This paper focuses on two contradictory attitudes toward taste in early modern Italy. Many writers in fourteenthand fifteenth-century Florence described taste, along with the abundance of rich foods provided by the new mercantile economy, as a corruptive force, which created the portal to a sinful lifestyle. Several early humanists challenged this view of the sense by portraying the table "as the altar of humanity" where youth might learn to eat with moderation and to consume knowledge through conversation. For these writers, such as Palmieri and Alberti, taste can lead to communion with others rather than to an endless pursuit for self-satisfaction.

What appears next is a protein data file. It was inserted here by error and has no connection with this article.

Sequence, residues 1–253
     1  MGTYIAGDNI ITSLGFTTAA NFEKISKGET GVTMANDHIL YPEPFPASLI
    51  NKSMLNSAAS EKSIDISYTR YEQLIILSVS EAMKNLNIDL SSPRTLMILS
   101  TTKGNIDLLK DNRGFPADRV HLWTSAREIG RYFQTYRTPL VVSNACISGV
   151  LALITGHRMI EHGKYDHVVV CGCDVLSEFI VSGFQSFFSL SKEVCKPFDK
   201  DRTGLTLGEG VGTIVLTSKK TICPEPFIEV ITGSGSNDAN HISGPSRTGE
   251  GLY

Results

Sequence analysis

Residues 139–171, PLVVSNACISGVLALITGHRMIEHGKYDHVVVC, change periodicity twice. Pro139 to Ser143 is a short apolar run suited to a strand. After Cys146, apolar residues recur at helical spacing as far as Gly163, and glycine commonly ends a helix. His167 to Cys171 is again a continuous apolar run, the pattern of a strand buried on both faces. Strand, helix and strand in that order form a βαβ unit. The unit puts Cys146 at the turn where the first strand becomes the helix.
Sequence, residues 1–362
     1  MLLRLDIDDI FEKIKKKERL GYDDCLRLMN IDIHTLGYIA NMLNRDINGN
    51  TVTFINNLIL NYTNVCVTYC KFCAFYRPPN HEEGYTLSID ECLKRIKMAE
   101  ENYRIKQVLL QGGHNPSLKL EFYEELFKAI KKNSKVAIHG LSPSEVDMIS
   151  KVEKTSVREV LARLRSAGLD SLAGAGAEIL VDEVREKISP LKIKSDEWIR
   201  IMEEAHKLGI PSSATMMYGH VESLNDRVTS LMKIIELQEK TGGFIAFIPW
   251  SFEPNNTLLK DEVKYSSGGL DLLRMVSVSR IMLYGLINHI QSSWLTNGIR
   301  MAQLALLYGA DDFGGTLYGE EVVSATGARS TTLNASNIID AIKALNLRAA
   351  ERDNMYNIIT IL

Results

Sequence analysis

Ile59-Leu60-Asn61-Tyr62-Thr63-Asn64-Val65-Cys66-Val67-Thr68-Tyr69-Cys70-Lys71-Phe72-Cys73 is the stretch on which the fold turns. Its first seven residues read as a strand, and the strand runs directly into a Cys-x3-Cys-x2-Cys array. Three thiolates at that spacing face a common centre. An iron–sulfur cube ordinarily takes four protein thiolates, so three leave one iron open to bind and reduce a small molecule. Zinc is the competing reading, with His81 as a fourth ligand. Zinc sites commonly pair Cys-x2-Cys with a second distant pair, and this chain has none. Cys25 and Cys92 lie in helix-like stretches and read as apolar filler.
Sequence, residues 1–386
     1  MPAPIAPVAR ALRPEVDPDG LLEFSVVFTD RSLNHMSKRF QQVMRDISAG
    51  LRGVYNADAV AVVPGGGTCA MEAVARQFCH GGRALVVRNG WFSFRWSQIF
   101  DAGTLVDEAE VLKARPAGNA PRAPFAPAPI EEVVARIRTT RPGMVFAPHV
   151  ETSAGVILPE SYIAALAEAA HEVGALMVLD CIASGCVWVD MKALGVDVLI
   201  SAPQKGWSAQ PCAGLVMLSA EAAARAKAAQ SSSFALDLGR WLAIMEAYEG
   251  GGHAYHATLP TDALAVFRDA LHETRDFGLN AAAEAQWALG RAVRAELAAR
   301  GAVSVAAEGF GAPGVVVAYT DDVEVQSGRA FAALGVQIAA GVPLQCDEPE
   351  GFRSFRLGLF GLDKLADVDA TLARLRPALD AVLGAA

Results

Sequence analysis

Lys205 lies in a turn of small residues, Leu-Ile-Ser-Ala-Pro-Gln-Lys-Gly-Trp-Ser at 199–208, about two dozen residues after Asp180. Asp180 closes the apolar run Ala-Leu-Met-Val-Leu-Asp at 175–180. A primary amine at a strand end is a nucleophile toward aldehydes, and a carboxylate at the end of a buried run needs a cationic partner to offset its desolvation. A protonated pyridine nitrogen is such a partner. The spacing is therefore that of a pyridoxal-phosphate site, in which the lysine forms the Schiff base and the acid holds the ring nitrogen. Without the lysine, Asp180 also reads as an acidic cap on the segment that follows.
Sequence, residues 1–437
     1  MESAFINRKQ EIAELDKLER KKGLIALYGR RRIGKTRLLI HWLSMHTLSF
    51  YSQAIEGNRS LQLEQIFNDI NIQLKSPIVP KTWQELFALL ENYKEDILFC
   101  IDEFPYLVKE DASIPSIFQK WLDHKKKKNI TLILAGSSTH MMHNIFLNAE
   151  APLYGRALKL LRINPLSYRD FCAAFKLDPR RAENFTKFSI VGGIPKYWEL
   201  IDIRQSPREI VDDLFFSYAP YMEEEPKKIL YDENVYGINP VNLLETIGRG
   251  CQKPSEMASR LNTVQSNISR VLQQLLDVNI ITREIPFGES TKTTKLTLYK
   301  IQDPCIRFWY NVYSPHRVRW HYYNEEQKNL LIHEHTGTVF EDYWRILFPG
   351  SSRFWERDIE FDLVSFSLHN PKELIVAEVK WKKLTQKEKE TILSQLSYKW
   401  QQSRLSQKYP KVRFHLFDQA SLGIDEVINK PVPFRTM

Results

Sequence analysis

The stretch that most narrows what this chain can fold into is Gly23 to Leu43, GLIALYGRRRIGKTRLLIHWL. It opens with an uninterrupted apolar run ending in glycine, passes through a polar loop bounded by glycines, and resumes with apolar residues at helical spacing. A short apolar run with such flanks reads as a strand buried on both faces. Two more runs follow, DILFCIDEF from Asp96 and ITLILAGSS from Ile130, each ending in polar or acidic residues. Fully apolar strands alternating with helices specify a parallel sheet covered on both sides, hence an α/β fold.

ASJC Scopus subject areas
- Cultural Studies